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Cloud Storage for Businesses

The cloud is a great piece of technology that can save storage space and technology funds. Working on the cloud can allow your company to be more efficient and cost-effective. But what are the threats to cloud storage for businesses?


What is the Cloud?

First and foremost, the cloud is a network of servers. Some of these servers allow you to store and access data, like Apple iCloud. Others provide a service, like Adobe Creative Suite.

The servers run on the internet, instead of locally on your device. This allows you to access the information you have stored on the cloud from anywhere, as long as you have an internet connection. Every time you store information without using your device’s storage, it is being stored on the cloud.


 Is the Cloud Secure?

Cloud companies have security measures in place to protect your data from hackers, but unfortunately, they’re not foolproof. As cyberthreats evolve, it is important to protect your business and clients’ information. When finding a cloud service provider, it is important to ask them security questions, such as:

  • Will the information on the cloud be encrypted?
  • Have the clients provided their written consent to place information in the cloud?
  • Does the cloud provider employ adequate security to protect the data?
  • Will data be stored internationally? If so, will it be subject to search and seizure?

Only use a cloud provider that can provide reasonable assurance that your data will be protected. However, there are still chances your business is liable for certain incidents and you should protect your business with Cyber Liability Insurance.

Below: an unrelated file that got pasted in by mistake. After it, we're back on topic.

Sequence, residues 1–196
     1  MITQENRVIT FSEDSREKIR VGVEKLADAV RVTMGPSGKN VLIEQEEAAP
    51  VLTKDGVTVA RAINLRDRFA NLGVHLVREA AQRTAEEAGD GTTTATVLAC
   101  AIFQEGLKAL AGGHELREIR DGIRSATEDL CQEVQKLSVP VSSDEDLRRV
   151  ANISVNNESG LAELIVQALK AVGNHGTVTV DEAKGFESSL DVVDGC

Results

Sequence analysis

What about Cloud Storage for Businesses?

Evaluate these four technologies and how your company uses them. Then determine what cloud storage makes sense for your business:

Backups – Backup services can be expensive. While some businesses have the money to backup all data files, most companies will want to back up only current, active data used within the last one to two years. Older files can be backed up and archived locally.

Applications – The benefits of storing applications on the cloud depend entirely on the type of application and how it’s used by your business. For example, applications like Microsoft Excel and Word may operate faster when stored on your device. If your company has employees that collaborate remotely, it makes sense to use an application on the cloud like Google Docs.

Email – In today’s business world, most employees access email using multiple devices. Storing this communication on the cloud makes sense, so all email messages are available on any device we choose to use. To protect important information in emails, use best practices and set up encryption protocol.

Data – Like backups, storing your active, shared data files in the cloud makes sense. Data files shared by multiple users or data files shared from multiple locations by a single user is helpful to have on the cloud. Older data files should be archived locally. Not only does storing older files on the cloud create additional file management efforts, it can also expose sensitive data unnecessarily.

Ultimately, the cloud is a great technology that makes businesses operate more efficiently, as long as it’s used properly. Learn more about keeping your business and data protected.


Coverage may not be available in all states and is subject to actual policy terms and conditions. Coverage may be provided by an excess/surplus lines insurer which is not licensed by or subject to the supervision of the insurance department of your state of residence. Policy coverage forms and rates may not be subject to regulation by the insurance department of your state of residence. Excess/surplus lines insurers do not generally participate in state guaranty funds and therefore insureds are not protected by such funds in the event of the insurer’s insolvency.

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